Album Review: !!! – Wallop

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By Josh Hudson / September 5, 2019
!!!

Long past are the days when dance-punk was a dominate force in the indie world, but that has not slowed down !!!’s (pronounced Chk Chk Chk) steady pace of releases since the early 2000s.  And while similar bands have evolved their approach in different directions (e.g., the Remain in the Light obsession of LCD Soundsystem, or the more often guitar-centric sound of Electric Six*), !!! have typically not strayed far from their original sound.

Which brings us to their latest release, Wallop.  The overall dance-y vibe remains the same, but the performances veer more towards the electronic aspect of the band, and everything seems to hit a little harder – the bass is deeper, the synths are dirtier, and drum machines contribute most of the rhythm here.

All of this is obvious from the opening bass synth of the first track “Let It Change U” (the first of several song titles to feature the idiosyncratic shorthand often used by the band), with front man Nic Offer asking the listener, “Why won’t you let the rhythm change you, why won’t you let it rearrange a little thing or two,” as if extending an invitation to the party this album is throwing in your speakers.

Offer’s trademark vocal delivery is on full display here, his humor leaving a mark on songs like “$50 Million” (“I stand accused of all the usual stuff,” he proclaims, then explains that "there's a comfort in my chosen delusions," following up with "50 thousand dollars wouldn't change my mind, but 50 million, now we're talkin'/I've been tempted, but not that often/if they want some of this it's gonna cost 'em," indicating a shameless, tongue-in-cheek willingness to trade convictions for money).  And “Slow Motion” offers a stream-of-conscious and paranoid rambling that will be familiar to fans of the band’s debut album Louden Up Now.  Singer Meah Pace contributes vocals on tracks “Off the Grid” and “This is the Door” (a highlight of the album), offering a fresh new voice that melds with the band’s rhythms and Offer’s vocals effortlessly.

Between the synth-dominated tracks, the group does leave room for the guitar and bass to lead the way at times, like on the lead single “Couldn’t Have Known” and “Serbia Drums,” which sounds like a 90s-era pop song.  These often prove to be the least interesting moments on the album compared to the pace and sounds offered by the predominately electronic tracks like “Off the Grid,” “My Fault,” and “Domino.”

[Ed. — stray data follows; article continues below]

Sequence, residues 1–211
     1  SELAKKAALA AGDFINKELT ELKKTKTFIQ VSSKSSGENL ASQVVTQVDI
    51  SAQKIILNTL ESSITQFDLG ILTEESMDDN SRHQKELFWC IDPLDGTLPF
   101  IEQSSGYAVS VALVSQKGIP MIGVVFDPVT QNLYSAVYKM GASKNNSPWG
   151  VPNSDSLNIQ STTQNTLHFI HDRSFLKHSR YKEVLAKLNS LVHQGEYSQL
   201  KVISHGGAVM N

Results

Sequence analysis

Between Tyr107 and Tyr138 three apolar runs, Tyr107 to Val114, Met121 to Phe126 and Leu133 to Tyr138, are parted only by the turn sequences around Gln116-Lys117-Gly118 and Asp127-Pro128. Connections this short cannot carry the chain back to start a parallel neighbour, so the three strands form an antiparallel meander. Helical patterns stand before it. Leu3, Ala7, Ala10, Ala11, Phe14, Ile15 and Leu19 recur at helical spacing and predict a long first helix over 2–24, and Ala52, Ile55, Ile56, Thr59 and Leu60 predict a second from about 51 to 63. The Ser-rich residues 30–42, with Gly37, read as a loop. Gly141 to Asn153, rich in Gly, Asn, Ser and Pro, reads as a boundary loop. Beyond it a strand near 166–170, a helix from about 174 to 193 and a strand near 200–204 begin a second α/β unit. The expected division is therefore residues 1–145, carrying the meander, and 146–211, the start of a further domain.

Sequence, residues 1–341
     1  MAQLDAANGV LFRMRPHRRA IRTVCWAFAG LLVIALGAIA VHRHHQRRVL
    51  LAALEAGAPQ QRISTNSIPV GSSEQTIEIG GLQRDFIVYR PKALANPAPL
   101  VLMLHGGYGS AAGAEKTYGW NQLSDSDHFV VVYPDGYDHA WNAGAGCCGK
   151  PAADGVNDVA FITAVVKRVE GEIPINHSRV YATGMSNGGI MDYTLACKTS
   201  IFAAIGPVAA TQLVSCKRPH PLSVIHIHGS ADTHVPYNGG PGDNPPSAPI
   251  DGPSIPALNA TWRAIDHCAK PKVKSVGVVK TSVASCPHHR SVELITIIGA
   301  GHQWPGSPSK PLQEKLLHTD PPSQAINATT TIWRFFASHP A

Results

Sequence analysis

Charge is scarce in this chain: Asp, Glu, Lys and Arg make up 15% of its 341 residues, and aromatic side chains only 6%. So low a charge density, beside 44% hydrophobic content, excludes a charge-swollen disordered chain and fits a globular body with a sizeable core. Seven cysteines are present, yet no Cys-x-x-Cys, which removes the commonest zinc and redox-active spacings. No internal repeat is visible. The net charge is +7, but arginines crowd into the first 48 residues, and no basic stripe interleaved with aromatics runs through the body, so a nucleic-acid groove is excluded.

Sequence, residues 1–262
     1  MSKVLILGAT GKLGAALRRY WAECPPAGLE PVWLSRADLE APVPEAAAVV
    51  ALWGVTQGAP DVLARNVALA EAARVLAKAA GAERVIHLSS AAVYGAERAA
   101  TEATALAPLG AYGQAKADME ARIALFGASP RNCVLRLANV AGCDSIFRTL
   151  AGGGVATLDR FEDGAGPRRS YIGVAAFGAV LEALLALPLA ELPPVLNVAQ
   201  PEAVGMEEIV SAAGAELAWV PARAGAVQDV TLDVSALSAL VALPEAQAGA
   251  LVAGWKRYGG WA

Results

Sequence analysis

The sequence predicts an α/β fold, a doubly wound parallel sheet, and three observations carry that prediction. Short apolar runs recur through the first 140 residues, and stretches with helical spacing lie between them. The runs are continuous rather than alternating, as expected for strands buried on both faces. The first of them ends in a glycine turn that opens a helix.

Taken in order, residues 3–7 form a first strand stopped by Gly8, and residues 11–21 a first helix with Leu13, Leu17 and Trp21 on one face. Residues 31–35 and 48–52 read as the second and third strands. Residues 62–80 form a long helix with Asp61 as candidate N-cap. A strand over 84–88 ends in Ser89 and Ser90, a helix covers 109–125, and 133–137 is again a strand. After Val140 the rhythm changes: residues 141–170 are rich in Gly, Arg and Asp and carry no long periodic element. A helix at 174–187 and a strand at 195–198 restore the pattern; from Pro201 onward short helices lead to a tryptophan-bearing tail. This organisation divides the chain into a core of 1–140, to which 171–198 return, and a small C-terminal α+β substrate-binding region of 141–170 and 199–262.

Overall, the band knows exactly what this album is – a dance party soundtrack – and they deliver with expert execution that never takes itself too seriously.

Wallop was released on August 30, 2019.  Be sure to check out !!! when they stop at The Broadberry in Richmond, VA on October 16, 2019, and/or U Street Music Hall in Washington, DC on October 17, 2019.

*Author’s Note: These references are solely a representation of my taste and exposure to this genre.  I’m sure there are some readers writhing in their chairs or reeling back to smash their smart phones, but before you activate that Apple Care warranty, know that I am just one man and fully understand there is likely at least one great band from this era I have unjustly ignored.

!!!

Wallop

Released: August 30, 2019

Track Listing:

1. Let It Change U

2. Couldn't Have Known

3. Off the Grid

4. In the Grid

5. Serbia Drums

6. My Fault

7. Slow Motion

8. Slo Mo

9. $50 Million

10. Domino

11. Rhythm of Gravity

12. UR Paranoid

13. This is the Door

14. This is the Dub

Performance Details

Performance Details

Performance

Details


Wednesday, October 16, 2019

Doors: 7:00 PM

Show: 8:00 PM


$15  - General Admission


Thursday, October 17, 2019

Doors: 7:00 PM

Show: 7:00 PM


U Street Music Hall

https://www.ustreetmusichall.com

1115A U St NW

Washington, DC 20009

(Google Maps Link)


$20  - General Admission


Additional Resources

Additional Resources

Additional

Resources


To learn more about !!! please visit them on the platform of yor choice:

About the author
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Josh Hudson

Josh has been following music in the DMV area ever since he started to call it home a decade ago. When not seeing or writing about music, he is often making it with different groups of musicians around town.